What are the chances God is helping you? About 1 in 300

What are the chances God is helping you? About 1 in 300

Baby needs a new pair of shoes
Baby needs a new pair of shoes
As Jon Favreau says in Swingers: 'We all have stories.'

It's nice to be the recipient of good fortune, and even better to string a chain of coincidences together to make a gripping narrative. Unfortunately, this makes some people certain that they have somehow been favoured by a higher power, when it's really just plain chance.

It's a simple trap to fall into, due in large part to the ever-present availability heuristic, coupled with our propensity for pattern-matching and confirmation bias. That is to say, we live in a constant state of denial regarding the reality of our chaotic and petty existence.

We are statistically insignificant as individuals and our lives are not guided by unseen() forces.

The London Times should already know this, and they had better get their act together sometime soon. I'm getting tired of these stories–it's not Reader's Digest, you know.

Divine intervention helped Antonello Colangeli find his son

As you see, despite killing 294 people (latest figures), God once again decides to benevolently intervene and save (or shall we say 'not kill') one little boy. Tough luck, everyone else I guess. I've heard this pithily described as the Argument from Incomplete Devastation.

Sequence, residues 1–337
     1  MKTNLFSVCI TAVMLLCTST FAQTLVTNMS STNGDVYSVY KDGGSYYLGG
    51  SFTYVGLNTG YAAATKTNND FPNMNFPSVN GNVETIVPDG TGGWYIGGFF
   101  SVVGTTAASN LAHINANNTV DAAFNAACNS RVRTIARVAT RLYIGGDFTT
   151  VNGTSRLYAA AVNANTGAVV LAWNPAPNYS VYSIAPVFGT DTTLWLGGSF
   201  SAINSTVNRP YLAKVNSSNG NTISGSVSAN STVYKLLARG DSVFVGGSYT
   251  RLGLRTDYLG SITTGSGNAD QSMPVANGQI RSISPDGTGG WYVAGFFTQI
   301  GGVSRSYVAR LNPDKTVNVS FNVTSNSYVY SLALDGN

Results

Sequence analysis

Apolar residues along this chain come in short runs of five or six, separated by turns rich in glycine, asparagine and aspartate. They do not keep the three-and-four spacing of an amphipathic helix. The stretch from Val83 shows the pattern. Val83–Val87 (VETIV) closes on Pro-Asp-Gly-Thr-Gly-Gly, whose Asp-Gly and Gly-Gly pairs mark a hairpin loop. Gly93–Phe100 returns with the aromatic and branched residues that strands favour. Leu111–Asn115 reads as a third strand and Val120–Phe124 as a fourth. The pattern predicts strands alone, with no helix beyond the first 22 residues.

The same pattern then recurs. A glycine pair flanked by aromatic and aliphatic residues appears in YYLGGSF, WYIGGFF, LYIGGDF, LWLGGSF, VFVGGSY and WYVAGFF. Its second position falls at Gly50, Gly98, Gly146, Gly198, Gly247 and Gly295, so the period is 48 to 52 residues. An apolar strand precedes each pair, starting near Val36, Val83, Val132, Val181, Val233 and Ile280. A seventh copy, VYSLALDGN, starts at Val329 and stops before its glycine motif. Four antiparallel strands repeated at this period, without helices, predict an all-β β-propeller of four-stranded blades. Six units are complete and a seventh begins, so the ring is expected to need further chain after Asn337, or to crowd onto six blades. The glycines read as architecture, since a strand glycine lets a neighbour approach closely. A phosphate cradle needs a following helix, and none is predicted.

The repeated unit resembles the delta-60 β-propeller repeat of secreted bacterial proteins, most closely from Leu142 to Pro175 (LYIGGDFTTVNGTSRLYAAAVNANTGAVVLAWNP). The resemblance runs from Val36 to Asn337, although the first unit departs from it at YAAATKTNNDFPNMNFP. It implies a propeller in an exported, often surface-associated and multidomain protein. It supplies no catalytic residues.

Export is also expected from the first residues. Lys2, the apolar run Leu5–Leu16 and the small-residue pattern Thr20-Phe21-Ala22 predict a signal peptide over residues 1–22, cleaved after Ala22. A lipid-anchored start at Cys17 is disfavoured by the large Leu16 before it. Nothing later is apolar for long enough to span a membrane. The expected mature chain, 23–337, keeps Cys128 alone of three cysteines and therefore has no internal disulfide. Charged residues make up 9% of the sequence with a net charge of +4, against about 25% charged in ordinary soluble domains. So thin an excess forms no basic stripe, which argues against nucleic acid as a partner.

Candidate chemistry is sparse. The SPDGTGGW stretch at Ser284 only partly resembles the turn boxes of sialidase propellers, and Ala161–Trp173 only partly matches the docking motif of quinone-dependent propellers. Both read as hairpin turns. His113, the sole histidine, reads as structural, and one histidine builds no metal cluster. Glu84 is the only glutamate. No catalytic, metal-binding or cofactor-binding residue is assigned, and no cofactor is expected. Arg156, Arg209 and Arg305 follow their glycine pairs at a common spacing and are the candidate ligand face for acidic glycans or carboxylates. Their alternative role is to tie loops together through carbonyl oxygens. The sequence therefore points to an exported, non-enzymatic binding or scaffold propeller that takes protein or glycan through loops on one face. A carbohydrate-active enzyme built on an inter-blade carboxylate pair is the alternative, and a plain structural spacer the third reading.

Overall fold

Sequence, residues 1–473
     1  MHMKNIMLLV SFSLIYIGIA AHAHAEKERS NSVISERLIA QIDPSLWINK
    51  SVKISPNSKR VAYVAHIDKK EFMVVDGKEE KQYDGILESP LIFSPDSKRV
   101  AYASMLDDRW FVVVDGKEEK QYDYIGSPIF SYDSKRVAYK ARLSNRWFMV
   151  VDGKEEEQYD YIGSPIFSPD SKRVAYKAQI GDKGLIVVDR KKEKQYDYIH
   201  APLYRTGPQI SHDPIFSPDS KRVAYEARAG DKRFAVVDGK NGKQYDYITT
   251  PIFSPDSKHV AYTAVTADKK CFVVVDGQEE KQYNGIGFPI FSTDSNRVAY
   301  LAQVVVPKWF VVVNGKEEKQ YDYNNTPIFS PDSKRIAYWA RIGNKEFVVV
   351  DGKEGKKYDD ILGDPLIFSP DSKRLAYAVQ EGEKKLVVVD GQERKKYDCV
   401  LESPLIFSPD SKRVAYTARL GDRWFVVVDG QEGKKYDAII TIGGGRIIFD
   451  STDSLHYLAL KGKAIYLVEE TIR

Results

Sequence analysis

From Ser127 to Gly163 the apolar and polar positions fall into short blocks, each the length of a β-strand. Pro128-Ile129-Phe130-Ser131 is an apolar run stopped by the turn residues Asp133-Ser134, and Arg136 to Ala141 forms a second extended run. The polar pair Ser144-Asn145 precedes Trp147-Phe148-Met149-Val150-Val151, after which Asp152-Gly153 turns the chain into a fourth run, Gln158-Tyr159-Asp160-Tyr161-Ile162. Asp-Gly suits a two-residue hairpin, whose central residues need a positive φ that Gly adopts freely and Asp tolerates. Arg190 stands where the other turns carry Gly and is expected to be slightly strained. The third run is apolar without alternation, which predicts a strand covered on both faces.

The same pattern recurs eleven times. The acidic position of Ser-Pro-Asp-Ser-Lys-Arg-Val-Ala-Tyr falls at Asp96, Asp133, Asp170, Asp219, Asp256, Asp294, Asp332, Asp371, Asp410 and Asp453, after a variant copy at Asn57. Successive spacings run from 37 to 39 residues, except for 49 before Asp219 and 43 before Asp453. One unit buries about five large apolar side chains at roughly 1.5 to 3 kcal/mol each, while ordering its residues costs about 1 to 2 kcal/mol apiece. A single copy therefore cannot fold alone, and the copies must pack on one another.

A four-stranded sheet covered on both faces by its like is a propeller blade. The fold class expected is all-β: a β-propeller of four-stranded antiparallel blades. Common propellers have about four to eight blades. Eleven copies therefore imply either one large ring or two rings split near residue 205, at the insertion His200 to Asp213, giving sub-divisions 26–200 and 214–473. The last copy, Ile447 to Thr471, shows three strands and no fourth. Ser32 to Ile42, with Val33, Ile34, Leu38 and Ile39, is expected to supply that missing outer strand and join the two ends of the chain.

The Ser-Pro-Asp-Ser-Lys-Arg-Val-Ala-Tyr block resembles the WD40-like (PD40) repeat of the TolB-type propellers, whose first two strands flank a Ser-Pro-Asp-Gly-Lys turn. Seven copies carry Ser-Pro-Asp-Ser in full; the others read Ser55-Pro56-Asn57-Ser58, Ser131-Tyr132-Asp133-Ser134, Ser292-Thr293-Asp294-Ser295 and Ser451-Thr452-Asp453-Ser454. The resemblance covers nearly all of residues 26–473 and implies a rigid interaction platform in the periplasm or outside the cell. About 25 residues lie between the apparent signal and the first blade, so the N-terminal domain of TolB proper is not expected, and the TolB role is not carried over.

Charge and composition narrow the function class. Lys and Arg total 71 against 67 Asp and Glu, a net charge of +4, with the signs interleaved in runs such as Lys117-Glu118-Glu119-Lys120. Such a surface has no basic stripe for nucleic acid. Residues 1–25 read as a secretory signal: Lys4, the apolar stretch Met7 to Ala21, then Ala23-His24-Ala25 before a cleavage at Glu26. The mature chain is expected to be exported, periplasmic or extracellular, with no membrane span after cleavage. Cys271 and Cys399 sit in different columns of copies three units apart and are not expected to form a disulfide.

While I am delighted that this single person was spared, I am bothered by the laziness of the headline. The copy editor doesn't even bother to add the necessary quotation marks around 'divine intervention.' At the very least that would have demonstrated that opinion rather than fact is being reported.

We expect this sort of insidious theism from the tabloids, along with their lauding of 'brave mums' and endless condemnation of 'monsters,' but it appears that the broadsheets are not above praising God for pulling little magic tricks every now and then.

You may wonder 'What harm does it do?' If so, I would urge you to read Sam Harris on the subject of religious moderates. It's a slippery slope with Armageddon at the deep end.

Unless the core dogmas of faith are called into question–i.e., that we know there is a God, and that we know what he wants from us–religious moderation will do nothing to lead us out of the wilderness […] Moderates do not want to kill anyone in the name of God, but they want us to keep using the word "God" as though we knew what we were talking about. And they do not want anything too critical said about people who really believe in the God of their fathers, because tolerance, perhaps above all else, is sacred.

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Endnotes:
  1. by 'unseen' I'm not referring to gravity or electro-magnetism but rather to undetectable and therefore by definition non-existent forces. If you believe something exists, yet there would be no change in the physical universe if it didn't exist, then it is imaginary. [back ↩]